Net phone service providers must be upfront about the limitations of their services, regulator Ofcom has said.
Providers will be required to tell users about service limitations
It said suppliers in the fast-growing Voice over IP (VoIP) sector must explain when selling services whether they include emergency services access.
Providers, including Skype, must also spell out other limits, including where directory listings are unavailable.
The number of UK net phone users, attracted by cheaper calls, is forecast to rise to three million by 2008.
Customers are increasingly drawn to offers which can allow free calls to friends and relatives worldwide.
Providers must now spell out whether or not the phone would go dead during power cuts.
They must also make clear whether operator access and itemised calls are available.
And they must let consumers know if they will be able to keep their telephone number should they switch providers later.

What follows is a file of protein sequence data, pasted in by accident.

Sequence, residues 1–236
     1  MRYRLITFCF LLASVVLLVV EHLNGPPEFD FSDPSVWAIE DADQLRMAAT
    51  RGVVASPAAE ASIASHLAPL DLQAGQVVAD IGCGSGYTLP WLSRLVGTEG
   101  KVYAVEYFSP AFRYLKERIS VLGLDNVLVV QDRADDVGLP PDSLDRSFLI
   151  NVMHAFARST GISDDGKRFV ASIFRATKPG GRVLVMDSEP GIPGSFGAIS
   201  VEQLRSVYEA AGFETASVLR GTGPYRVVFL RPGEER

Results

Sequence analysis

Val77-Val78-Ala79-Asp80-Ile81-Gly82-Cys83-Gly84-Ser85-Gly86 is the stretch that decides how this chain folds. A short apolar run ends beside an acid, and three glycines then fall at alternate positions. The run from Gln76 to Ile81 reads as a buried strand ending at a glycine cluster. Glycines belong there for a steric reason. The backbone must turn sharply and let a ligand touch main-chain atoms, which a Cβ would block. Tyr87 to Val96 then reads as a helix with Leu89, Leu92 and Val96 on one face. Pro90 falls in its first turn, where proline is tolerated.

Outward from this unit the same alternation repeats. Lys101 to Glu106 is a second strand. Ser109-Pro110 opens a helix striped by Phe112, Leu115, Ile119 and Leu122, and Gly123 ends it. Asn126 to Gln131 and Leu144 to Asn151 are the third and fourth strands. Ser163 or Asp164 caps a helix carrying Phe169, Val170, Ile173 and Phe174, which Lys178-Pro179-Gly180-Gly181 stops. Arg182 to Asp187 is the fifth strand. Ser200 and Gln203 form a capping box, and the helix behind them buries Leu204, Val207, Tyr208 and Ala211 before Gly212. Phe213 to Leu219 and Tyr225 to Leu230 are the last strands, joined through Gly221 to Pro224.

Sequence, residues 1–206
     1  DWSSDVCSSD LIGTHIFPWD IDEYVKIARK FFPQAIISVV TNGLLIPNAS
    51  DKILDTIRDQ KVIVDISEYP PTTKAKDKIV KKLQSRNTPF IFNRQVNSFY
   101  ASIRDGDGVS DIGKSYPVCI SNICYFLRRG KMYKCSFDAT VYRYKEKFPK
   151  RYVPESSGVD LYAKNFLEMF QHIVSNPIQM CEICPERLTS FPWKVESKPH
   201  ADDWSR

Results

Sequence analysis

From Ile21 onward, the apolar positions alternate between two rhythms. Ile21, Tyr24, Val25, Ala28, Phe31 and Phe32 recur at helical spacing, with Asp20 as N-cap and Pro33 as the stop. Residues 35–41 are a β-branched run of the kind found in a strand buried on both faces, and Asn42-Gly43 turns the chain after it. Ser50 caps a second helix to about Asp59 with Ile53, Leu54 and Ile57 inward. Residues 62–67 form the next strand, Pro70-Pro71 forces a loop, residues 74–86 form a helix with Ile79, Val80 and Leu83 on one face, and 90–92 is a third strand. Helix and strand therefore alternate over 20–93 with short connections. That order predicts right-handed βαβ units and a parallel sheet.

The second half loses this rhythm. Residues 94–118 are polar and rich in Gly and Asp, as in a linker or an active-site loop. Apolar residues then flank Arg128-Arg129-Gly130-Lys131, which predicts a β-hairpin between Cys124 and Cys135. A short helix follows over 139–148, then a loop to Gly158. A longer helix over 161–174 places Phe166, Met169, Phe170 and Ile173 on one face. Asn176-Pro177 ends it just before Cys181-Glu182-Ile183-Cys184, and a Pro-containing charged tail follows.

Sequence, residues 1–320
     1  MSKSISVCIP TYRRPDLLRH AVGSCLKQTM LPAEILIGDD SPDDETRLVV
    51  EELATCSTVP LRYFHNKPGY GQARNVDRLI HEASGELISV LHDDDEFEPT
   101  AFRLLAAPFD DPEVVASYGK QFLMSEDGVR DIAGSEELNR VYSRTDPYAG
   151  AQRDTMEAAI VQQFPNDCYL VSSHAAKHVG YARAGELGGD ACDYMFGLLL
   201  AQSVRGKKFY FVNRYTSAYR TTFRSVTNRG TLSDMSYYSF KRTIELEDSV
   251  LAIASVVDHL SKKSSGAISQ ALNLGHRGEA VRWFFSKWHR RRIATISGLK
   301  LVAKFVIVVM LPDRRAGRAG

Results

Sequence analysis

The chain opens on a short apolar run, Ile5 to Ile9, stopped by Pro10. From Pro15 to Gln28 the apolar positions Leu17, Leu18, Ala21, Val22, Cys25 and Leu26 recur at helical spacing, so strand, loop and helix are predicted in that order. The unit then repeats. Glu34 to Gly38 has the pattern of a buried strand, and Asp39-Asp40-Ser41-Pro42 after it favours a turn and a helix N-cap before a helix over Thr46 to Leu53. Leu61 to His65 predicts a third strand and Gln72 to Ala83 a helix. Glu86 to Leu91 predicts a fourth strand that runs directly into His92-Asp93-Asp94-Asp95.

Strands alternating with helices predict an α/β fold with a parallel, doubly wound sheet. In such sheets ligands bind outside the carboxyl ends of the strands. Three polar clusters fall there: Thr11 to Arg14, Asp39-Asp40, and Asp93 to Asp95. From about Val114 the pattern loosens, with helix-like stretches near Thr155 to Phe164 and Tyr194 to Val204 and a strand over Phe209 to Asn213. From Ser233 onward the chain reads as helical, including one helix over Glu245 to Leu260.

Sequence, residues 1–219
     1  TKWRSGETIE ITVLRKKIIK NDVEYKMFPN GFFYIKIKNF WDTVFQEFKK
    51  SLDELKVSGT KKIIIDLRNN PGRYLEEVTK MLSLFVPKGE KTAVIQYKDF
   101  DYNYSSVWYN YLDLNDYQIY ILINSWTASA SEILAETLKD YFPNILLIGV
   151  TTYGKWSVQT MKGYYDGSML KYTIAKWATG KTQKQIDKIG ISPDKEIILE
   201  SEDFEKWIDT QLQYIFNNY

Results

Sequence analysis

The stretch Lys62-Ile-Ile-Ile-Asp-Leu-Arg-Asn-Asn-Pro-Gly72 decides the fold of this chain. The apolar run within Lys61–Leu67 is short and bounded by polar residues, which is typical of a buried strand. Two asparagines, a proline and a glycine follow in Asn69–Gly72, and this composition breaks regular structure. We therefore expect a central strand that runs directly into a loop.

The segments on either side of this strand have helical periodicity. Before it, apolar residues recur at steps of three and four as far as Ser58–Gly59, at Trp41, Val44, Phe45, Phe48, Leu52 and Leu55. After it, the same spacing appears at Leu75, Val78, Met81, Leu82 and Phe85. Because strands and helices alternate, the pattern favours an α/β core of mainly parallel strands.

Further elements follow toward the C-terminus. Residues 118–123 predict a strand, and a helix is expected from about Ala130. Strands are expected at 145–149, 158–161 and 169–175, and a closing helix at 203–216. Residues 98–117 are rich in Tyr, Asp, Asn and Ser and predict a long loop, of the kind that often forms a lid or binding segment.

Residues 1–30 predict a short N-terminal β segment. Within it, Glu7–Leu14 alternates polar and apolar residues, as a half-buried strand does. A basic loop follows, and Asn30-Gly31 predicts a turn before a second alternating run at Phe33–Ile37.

An Ofcom spokesman said: "As usage in the UK continues to grow, and the market develops further, Ofcom will continue to review and develop its approach to regulation to ensure that consumers gain the full benefits of VoIP services."
But provider Vonage said the code of conduct did not go far enough in protecting consumers.
Managing director Kerry Ritz said: "The bigger issue is the barriers consumers face in being able to drop their regular landline and replace it with a VoIP service," he said.
"For example, people who just want VoIP and broadband access still pay for having a traditional telephone line they do not want and do not use."
Such obstacles left the UK at risk of falling behind other countries with a more "advanced communications market".
Service providers will also be obliged to get customers to sign acknowledgements stating they fully understand any limitations.
And service equipment must be labelled with warnings about limitations.
Where software downloads are necessary, the same warning must be featured on screen.
Ofcom plans to consult later this year on whether net phone services should be forced to provide access to emergency services.
That follows an earlier consultation which raised concerns over a lack of access to emergency services via VoIP services.
Other providers of VoIP services in the UK include BT, Orange and Tesco.
Some had previously said plans to regulate the industry were unnecessary.